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Practice yoga for a healthier mind

September 16, 2014

You may have heard that yoga helps improve physical abilities like flexibility and balance. But recent research shows that the exercise also includes some major cognitive benefits. According to a study published in the Journals of Gerontology, it can significantly boost brain function in older adults. It's a great healthy aging activity for seniors who seek an exercise that includes their total body and concentration.

Pose your way to better cognition

The study included 108 adults who ranged in age from 55 to 79. A little more than half engaged in eight weeks of yoga classes, while the remainder practiced other exercises for the same amount of time. Those who took the yoga classes ended up scoring higher on memory and other cognitive tests. After just 24 sessions of the mind and body activity, participants experienced noticeable improvements to their brain function.

"It is possible that this focus on one's body, mind and breath during yoga practice may have generalized to situations outside of the yoga classes, resulting in an improved ability to sustain attention," said lead researcher Neha Gothe.

Because of the significant cognitive benefits of yoga, it can be a good idea to include it in the early stages of memory care. The Alzheimer's Research and Prevention Foundation recommended those with dementia to participate in Kirtan Kriya, a form of the exercise that involves singing, deep breathing and extreme focus.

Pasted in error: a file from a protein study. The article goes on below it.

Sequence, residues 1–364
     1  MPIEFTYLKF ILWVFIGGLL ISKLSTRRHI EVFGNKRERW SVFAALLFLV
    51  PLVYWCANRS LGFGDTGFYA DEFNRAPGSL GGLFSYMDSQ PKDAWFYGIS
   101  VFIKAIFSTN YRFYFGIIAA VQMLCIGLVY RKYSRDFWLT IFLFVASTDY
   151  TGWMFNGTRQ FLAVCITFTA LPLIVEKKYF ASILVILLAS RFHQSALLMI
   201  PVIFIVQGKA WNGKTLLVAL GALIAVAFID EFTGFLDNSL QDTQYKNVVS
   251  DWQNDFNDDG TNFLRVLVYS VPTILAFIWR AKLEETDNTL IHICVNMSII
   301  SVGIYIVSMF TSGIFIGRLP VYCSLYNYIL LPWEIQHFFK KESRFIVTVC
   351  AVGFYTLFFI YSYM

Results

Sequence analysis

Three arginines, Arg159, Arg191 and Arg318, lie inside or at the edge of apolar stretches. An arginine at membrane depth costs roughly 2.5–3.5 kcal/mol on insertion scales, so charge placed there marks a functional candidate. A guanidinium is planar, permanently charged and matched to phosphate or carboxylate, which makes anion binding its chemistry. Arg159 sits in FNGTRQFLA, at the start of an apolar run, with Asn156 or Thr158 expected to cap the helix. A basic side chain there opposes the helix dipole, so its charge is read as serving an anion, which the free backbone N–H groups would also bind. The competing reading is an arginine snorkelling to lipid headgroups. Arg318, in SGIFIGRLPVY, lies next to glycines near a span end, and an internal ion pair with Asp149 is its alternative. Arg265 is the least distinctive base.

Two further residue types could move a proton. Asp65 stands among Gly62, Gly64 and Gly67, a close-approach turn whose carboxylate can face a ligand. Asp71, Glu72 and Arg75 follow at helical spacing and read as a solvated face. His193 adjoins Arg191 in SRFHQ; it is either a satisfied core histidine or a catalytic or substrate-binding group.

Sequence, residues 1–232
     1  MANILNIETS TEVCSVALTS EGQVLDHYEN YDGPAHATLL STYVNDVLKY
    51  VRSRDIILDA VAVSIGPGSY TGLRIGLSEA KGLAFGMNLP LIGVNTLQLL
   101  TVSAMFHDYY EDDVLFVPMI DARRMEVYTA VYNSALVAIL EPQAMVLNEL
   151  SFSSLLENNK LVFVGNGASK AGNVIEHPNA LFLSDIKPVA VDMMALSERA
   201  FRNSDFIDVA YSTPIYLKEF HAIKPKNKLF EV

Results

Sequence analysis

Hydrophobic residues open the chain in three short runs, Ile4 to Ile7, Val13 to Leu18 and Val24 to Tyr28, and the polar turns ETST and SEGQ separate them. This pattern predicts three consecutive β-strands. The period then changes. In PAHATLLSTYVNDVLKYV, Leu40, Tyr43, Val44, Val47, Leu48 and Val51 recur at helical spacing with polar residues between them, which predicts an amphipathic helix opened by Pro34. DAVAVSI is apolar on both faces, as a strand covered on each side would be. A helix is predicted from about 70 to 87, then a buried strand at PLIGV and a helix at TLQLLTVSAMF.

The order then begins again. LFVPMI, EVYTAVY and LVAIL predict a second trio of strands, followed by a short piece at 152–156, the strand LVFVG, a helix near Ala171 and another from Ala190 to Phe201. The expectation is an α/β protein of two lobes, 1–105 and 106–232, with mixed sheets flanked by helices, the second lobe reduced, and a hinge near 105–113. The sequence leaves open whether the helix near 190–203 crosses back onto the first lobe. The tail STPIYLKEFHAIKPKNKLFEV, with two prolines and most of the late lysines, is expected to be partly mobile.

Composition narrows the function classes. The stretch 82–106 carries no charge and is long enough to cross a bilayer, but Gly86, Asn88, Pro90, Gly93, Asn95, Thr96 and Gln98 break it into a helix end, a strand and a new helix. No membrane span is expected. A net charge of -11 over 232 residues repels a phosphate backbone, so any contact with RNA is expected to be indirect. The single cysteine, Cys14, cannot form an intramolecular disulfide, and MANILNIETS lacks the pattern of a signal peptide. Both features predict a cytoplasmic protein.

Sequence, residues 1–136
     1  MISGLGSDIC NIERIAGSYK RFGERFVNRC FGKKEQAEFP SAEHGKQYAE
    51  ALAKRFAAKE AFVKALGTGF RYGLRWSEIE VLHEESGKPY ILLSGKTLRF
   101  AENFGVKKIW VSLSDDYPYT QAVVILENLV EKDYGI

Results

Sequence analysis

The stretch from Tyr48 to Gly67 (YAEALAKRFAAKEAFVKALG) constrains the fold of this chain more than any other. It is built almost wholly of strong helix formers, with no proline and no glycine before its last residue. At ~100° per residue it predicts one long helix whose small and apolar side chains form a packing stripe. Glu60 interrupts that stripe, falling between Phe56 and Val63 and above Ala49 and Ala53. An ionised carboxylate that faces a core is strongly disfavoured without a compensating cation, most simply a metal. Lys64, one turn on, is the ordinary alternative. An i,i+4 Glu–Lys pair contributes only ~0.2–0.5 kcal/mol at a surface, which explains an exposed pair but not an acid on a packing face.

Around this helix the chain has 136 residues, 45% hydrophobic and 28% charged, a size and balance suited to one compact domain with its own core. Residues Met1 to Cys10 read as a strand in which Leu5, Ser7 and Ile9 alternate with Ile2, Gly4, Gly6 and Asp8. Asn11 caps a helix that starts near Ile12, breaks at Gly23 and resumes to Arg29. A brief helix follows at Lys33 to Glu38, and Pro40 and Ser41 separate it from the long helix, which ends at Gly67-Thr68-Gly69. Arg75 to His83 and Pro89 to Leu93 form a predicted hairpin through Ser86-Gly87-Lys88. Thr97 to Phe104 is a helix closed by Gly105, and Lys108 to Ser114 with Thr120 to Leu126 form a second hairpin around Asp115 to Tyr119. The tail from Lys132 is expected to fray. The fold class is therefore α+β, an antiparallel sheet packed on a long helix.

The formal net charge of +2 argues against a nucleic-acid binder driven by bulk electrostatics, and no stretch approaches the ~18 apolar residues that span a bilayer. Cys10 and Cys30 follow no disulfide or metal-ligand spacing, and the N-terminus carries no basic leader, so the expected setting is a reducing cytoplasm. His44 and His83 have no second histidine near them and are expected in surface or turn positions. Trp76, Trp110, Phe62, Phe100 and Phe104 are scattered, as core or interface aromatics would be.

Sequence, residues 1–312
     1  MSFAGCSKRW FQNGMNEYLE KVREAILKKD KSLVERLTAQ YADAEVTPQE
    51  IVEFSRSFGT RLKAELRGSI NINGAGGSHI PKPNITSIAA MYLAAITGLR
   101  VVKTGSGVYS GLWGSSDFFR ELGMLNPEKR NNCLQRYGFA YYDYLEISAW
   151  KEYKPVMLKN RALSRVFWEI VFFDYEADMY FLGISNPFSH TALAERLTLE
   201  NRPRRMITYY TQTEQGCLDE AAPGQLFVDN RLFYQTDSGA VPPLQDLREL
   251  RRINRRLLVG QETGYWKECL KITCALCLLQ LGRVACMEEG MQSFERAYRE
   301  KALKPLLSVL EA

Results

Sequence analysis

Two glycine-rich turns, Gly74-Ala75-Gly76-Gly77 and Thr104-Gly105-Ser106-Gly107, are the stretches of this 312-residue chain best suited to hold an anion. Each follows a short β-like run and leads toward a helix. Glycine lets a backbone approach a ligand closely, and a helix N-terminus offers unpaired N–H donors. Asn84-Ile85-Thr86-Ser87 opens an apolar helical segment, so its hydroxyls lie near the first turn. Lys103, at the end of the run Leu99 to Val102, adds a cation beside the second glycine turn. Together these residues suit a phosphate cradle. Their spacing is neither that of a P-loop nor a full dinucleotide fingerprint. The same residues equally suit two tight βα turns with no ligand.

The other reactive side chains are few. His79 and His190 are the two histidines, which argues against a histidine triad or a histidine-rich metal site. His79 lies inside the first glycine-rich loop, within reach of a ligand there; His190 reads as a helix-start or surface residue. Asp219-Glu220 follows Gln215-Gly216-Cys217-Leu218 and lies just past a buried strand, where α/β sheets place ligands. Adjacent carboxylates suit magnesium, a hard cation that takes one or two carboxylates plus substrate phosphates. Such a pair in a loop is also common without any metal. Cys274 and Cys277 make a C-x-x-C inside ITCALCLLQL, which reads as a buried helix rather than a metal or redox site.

How to start boosting your brain function

The best part about yoga is that it can be practiced anytime and anywhere. Meditation, a main part of the exercise, can be performed while you're lying in bed, washing dishes in your kitchen or sitting on the couch in your living room. The more physical components of the exercise can also be practiced in the comfort of your home and don't necessarily require a gym with a formal leader, though some people may prefer it that way.

To get started, go online and see which classes and groups are available in your area or, if you're a part of an assisted or independent living community, check there. If you'd prefer to try it on your own, there are many resources for you to do so. Websites devoted to the practice and YouTube videos can teach you how to do certain poses and breathing techniques without the help of an instructor. Just be sure to check with your doctor before starting any new kinds of exercise or health programs.